We're ever closer to the glory of Opening Day, and moving on in our division previews because of it. We kicked things off with a look at the NL West, then followed that up with the NL East. We'll stick in the east this time around, but shift things to the American League for a preview of the ever-competitive AL East.
Rather than bore you with the minutiae of each club's off-season -- an exercise that would take more time than there is before the season actually begins -- we'll hit you with the basic need-to-knows to bring you up to speed on the state of baseball in 2013. We'll also get an assist from our expert team bloggers to see just what the best- and worst-case scenarios are for each of baseball's 30 clubs. As you might guess, some are less optimistic than others.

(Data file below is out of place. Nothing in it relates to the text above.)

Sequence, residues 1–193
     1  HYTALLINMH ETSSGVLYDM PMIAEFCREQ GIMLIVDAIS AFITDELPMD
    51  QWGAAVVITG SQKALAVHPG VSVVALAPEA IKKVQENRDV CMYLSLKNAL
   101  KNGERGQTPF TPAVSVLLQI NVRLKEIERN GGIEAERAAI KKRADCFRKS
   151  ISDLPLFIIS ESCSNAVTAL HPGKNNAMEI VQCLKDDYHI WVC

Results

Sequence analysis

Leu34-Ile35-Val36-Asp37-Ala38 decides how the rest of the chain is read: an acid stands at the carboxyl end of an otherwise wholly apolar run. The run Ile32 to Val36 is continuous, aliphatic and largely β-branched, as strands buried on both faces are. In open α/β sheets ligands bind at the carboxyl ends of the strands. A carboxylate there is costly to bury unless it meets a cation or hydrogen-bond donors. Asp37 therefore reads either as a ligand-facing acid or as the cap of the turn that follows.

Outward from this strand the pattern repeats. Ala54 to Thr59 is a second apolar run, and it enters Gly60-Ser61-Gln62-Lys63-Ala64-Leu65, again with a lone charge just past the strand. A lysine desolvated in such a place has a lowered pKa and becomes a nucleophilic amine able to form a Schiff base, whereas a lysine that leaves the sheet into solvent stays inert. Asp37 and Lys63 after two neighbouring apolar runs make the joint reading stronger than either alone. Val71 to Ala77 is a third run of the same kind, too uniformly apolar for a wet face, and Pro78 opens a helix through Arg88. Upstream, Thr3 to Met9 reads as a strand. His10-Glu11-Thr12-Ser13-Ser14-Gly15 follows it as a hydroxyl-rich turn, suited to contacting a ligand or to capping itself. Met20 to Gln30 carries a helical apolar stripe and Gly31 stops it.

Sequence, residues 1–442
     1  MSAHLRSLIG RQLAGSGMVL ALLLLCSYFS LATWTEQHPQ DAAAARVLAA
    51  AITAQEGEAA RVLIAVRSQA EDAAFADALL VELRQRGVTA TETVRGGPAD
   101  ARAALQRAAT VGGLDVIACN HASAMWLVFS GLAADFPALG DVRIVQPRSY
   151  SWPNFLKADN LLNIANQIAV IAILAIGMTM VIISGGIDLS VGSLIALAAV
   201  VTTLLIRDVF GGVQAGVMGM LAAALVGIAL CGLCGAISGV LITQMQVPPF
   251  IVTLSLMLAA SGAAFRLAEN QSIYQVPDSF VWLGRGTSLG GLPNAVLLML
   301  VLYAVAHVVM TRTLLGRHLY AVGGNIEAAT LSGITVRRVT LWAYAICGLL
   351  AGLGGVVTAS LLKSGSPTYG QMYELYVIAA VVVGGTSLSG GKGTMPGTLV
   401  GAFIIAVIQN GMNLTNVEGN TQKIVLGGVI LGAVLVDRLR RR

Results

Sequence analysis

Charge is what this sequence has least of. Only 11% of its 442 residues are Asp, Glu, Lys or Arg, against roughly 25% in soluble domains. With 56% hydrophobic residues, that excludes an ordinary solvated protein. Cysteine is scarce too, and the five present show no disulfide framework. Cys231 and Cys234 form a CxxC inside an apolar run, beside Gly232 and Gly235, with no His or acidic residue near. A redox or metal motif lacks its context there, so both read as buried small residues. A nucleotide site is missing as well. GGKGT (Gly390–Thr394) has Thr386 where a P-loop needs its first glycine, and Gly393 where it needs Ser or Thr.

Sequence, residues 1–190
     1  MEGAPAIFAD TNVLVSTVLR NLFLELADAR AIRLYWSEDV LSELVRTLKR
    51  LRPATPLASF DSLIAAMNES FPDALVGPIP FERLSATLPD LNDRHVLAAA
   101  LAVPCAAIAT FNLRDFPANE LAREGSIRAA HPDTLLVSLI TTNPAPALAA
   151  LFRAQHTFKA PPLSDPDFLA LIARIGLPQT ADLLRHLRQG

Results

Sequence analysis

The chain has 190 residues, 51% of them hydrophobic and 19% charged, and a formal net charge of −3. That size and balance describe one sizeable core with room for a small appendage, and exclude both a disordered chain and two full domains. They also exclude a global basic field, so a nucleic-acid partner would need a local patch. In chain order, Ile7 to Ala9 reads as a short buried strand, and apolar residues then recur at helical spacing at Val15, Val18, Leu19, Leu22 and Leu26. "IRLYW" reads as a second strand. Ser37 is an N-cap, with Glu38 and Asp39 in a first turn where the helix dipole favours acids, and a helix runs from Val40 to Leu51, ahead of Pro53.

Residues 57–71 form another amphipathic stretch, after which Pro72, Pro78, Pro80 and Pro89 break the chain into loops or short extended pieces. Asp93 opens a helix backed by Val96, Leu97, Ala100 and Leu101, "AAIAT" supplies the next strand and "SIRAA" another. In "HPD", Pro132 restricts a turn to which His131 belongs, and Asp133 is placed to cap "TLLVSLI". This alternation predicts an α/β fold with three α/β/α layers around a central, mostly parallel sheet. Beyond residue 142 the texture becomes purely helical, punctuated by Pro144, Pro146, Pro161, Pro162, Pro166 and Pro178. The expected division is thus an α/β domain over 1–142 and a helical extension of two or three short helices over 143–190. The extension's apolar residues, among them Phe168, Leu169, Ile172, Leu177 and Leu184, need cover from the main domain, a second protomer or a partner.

2012 record: 95-67, good for first in the AL East, but since they didn't win the World Series you can guess how certain parts of the fan base feel about the season.
2012 Opening Day payroll: $209 million
2013 projected payroll: $209 million. Say what you will about the Yankees supposedly cheaping out to let their free agents walk in favor of Plan $189M, but the 2013 number, at least, is still an imposing one.
True Yankee Count: A quick look suggests a handful on the roster, with Derek Jeter, Mariano Rivera, Andy Pettitte, and Robinson Cano aboard, and Brett Gardner returning to action as a potential True Yankee anchor in center. With Rivera retiring after this year, they'll need David Robertson to step up and earn his pinstripes, or else they might be short on their legitimate Yankee quota soon.
Key additions: Lots of short-term Yanks here, with former nemesis Kevin Youkilis inking for a year, Ichiro Suzuki re-signing after a mid-season trade, and Travis Hafner coming on the DH. None of these deals are hugely significant on their own, but, when their powers combine, they'll form the most recent iteration of the Veteran Voltron that has complemented -- or been powered by -- the above True Yankee core for years now.
Steven Goldman of Pinstriped Bible: